Oh, and there’s also a fair amount of racing.

But I will admit that Formula One is ridiculous. Just to give you an example, it’s the last race of the season and the stakes are super high: we know that one of two drivers is going to win the Drivers Championship, and they’re both from the same team. Each race gets a driver points as long as they place in the top ten (with more points depending on how high they finish), but for this final race the powers that be decided to award double points (there’s a lot of money tied up in this), so it could go either way.

If you want to know more, Discovery Channel has a good documentary about F1:

Or you could just watch the race on Sunday.

Hooray for Bowies

Last summer I was lucky enough to see David Bowie is, a sprawling retrospective exhibition of everything David Bowie.

Earlier this month, a film of the exhibition was screened worldwide for everyone who didn’t get a chance to see it. The exhibition is also touring the globe, and is in Chicago right now.

And this week, Nothing Has Changed was released. It’s an excellent 3-CD box set of Bowie, and though it is a compilation album it’s a really good one. It starts with the new stuff and works its way backward, ending with Liza Jane, Bowie’s very first single.

How new is the new stuff? There’s one brand new track, which is all about that jazz:

For all that he’s in a museum, David Bowie is determined to keep creating and changing. Hopefully he’ll keep on delighting us for many years to come.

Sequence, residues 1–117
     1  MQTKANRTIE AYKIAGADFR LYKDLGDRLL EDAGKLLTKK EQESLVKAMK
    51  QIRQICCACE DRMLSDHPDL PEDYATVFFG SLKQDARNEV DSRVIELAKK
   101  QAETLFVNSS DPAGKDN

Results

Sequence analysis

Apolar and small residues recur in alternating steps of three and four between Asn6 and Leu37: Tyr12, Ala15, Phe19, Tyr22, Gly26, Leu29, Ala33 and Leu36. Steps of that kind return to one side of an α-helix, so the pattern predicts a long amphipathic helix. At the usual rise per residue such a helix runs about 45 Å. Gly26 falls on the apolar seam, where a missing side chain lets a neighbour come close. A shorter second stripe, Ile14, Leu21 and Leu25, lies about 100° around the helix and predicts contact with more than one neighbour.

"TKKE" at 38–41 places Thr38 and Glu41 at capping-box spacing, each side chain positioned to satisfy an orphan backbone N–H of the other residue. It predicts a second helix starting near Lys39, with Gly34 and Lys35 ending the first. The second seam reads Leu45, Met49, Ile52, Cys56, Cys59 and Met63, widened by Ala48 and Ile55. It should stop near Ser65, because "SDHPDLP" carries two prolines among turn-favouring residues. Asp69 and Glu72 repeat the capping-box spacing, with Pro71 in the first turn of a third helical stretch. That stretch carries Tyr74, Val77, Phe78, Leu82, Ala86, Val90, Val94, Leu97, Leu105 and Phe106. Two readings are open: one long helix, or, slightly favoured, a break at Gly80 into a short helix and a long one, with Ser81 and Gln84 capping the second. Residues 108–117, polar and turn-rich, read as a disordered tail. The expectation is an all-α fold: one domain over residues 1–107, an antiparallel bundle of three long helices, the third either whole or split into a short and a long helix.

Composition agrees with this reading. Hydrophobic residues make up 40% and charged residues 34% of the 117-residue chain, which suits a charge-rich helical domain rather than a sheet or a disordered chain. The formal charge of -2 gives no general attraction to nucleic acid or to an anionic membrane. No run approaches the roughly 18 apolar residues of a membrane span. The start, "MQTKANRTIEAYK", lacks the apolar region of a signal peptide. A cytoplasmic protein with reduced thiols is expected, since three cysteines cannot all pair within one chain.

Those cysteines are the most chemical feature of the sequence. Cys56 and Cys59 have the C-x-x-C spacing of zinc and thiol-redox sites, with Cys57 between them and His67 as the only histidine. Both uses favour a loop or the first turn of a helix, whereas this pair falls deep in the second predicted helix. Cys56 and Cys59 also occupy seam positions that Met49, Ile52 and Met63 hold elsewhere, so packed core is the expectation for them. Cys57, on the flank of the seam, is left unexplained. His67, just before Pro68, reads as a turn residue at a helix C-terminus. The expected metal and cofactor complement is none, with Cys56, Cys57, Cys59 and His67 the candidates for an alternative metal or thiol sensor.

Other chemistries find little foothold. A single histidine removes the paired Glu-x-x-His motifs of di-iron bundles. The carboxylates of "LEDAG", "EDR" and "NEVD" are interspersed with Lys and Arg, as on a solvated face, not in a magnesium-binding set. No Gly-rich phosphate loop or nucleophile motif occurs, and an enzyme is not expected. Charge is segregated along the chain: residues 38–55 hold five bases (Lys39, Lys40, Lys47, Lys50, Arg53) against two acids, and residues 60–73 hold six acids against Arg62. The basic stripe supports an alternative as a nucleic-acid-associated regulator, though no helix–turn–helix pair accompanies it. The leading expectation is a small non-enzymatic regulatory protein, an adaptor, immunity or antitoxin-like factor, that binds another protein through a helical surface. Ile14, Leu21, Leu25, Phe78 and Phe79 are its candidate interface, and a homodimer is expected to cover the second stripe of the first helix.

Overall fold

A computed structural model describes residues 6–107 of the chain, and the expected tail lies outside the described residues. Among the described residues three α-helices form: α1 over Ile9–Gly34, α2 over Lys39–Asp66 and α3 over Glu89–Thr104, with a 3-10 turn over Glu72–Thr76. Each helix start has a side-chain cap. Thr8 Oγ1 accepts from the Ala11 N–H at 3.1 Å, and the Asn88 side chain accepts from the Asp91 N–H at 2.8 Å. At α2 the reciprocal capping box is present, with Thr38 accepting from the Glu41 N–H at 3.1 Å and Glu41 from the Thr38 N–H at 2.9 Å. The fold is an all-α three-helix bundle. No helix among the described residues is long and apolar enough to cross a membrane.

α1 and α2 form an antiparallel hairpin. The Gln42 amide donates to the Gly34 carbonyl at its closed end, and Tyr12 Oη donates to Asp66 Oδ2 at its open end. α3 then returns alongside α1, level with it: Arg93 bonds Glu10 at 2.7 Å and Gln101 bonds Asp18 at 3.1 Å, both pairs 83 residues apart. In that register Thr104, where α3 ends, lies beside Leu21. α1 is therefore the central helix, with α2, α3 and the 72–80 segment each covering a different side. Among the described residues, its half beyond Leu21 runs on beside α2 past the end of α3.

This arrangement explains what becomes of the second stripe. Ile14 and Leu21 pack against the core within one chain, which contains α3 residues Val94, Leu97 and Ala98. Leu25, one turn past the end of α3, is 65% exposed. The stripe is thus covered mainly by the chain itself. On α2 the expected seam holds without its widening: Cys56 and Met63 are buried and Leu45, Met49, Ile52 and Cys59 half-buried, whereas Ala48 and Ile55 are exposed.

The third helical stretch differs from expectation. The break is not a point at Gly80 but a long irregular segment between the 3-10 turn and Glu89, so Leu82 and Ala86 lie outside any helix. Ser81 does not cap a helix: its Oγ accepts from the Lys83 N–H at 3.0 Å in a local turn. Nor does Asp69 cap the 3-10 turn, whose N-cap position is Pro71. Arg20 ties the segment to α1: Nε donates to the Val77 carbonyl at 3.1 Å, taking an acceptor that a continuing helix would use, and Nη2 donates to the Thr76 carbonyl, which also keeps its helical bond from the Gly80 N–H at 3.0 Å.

Small or far away

One of the best things about living in the UK is the comedy. As long as you’re on board with sarcasm and a certain pessimistic (or realistic, depending who you ask) outlook on things, British comedy is the best. No matter what kind of TV you like, there’s a comedy show for you, from awkward school sitcoms like Bad Education to the character-driven ridiculousness of Fawlty Towers to sci-fi/horror spoofs like Garth Marenghi’s Darkplace. Despite the huge amount of choice, most people can agree that one of the best comedy sitcoms is about three priests living on a rural island off the coast of Ireland.

Despite having first aired almost ten years ago, Father Ted is still hilarious. The eponymous Father Ted is the only relatively sane character; he lives with Father Dougal, who is incredibly dim, and Father Jack, a dirty old man who is constantly drunk on whatever he can find.

They also have a housekeeper, Mrs. Doyle, whose mission in life is to make as much tea for as many people as possible. The three priests are pretty much the worst priests anywhere, and were exiled to Craggy Island so as not to further embarrass the church. They still manage to get into scrapes, of course, and there are lots of jokes at the expense of the Catholic Church, rural living, and the British way of life.

Even if you don’t get all the cultural references, the show is definitely worth watching.

Say it right

Places in Great Britain have weird names. Everyone knows this. It’s hard to escape if you’ve ever taken the Piccadilly Line tube, final destination: Cockfosters, or have been to Splott or Pratt’s Bottom (or, god forbid, Shitterton).

To make things even more confusing, very few place names are pronounced the way they appear on paper. Deceptively easy: Worcestershire, famous for the sauce.

The correct pronunciation is WUSS-tur-shear. I have no idea why, but my working theory is that Brits don’t want to waste precious minutes pronouncing the full name of anything. They could be talking about the weather instead.